When we break a bone, we’re not embarrassed to go to the ER and get a cast. When we catch a bug, there’s no shame in calling up the doctor for a prescription. But for some reason, when we’re struggling with feelings of depression, loneliness or anxiety, there’s often an emotional roadblock around asking for help.
While the stigma around mental health conditions has certainly started to wane, too many people are silently hurting. Over 40 million Americans — or 18% of the population — experience anxiety disorders, and while these tend to be highly treatable, roughly 60% of those suffering don’t seek help.
Similarly, it’s estimated that 15% of the adult population will experience depression at some point in their lifetime, but only half will get help. To put these numbers into context, around 8% of Americans get the flu each year.
When we start viewing mental illness as an “all of us” problem, just like influenza or the common cold, we open the door to hope and ultimately, a return to happiness. Simply knowing these statistics can go a long way in normalizing mental illness, but it can still feel like an uphill battle if you or your loved ones are in pain.
To help demystify how to get started on the path to recovery, we spoke to Nichelle Haynes, a psychiatrist in Austin, Texas, about her tips for improving your mental health. Here are five recommendations that Nichelle says may help.
1. Maintain a routine
When we maintain a routine, we give our brains some of the certainty that it likes, which can help reduce the risk of depressive episodes, Nichelle said. “Routines provide us with a script for the day and helps us accomplish our daily tasks.”
Here’s how Nichelle’s recommends getting started:
Wake up around the same time each day
Expend about the same amount of energy each day
Reduce screen time (in all forms) toward the end of the day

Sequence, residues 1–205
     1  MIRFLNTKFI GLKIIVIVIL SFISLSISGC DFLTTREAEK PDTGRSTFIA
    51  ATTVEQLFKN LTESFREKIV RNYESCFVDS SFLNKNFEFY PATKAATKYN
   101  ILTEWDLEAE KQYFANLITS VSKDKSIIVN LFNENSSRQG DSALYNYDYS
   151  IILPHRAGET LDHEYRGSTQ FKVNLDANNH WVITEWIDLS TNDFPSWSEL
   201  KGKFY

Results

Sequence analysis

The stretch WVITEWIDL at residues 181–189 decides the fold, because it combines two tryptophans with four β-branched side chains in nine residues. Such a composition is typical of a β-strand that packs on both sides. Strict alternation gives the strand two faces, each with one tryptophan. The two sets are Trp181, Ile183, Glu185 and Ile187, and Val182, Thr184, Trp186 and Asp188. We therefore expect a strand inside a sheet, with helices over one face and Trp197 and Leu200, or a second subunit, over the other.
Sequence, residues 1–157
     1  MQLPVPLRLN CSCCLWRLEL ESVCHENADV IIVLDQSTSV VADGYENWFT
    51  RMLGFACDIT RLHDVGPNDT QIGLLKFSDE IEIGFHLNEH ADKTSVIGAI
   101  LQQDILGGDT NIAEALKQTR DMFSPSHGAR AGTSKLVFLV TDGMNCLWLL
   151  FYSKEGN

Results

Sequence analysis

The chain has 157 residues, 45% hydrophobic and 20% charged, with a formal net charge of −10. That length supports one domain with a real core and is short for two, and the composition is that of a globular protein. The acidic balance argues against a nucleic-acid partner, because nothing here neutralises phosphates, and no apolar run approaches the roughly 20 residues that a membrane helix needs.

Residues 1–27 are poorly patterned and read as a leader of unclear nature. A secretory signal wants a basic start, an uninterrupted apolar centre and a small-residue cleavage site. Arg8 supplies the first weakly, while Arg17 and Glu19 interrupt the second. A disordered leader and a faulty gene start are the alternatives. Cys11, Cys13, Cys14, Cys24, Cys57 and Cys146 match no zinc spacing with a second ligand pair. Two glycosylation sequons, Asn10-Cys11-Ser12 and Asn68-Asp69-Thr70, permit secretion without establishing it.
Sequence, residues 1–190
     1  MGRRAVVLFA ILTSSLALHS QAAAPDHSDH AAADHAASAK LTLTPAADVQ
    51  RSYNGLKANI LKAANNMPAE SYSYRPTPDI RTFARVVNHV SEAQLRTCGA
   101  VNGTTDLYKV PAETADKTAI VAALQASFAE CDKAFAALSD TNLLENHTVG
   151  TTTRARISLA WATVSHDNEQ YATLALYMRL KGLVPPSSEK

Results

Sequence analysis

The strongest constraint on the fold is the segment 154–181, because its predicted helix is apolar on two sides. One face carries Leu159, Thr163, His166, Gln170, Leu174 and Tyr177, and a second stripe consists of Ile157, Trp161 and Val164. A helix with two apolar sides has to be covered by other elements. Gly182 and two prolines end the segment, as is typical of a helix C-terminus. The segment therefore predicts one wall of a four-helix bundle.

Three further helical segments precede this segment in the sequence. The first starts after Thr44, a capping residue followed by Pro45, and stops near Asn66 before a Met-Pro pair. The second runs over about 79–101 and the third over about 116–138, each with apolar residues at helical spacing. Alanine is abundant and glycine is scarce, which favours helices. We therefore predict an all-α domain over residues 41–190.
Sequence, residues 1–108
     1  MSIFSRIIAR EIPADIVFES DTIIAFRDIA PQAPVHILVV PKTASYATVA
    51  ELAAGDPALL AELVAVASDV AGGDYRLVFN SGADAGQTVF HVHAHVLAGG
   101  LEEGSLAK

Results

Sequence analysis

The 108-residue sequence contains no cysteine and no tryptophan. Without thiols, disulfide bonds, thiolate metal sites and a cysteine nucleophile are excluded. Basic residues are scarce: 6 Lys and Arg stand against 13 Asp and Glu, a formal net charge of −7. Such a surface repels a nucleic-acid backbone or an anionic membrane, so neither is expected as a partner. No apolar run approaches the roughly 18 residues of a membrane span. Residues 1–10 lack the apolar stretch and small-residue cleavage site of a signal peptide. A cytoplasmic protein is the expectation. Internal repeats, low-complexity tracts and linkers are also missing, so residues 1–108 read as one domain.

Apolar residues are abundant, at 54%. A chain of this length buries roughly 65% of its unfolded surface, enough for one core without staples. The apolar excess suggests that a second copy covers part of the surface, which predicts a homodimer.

Start a wind-down routine an hour or two before bedtime (this could include a bath, reading a book, journaling or meditating)
Go to sleep around the same time each day
2. Focus on identifying what is in your control
When things are uncertain, it can feel like life is out of control. The reality is that we have a lot of control over things in our lives and focusing on them can help reduce anxiety.
“If this seems overwhelming, start with simply watching your breath or something easy, like what you’ll wear for the day,” Nichelle said.
3. Practice staying present in the moment
The key word here is practice.
“No one can do it perfectly, and it’s normal to be frustrated with a wandering mind in the beginning. But just like anything else, practice helps improve the ability to stay present, and in turn, helps improve mental wellbeing,” Nichelle said.
During times of stress, our brains are working in overdrive, which can lead to worry and thoughts about the worst possible outcomes. Staying in the moment can be a gentle reminder to ourselves that our feelings are okay and temporary. You can even practice saying aloud, “This too shall pass.”
4. Allow yourself to feel
“If you’re feeling sad, let yourself feel this emotion,” Nichelle said. “It’s normal to grieve the loss of what you had expected things to look like. Cry if you need to. Repressing our feelings is usually not helpful, and it’s okay to let yourself feel all of the emotions that come up, not just the positive ones.”
Allowing yourself to experience emotions as they come can help reduce the risk of bottled up feelings, which can be detrimental to your health and wellbeing.
5. Spend time outside
Being in nature has been proven to have many health benefits, including supporting the immune system and mitigating pain.
“At a minimum, being outside can provide a change of scenery and help us reset,” Nichelle said, “but it can also be an opportunity to get some exercise — another activity that’s proven to help boost your mood.”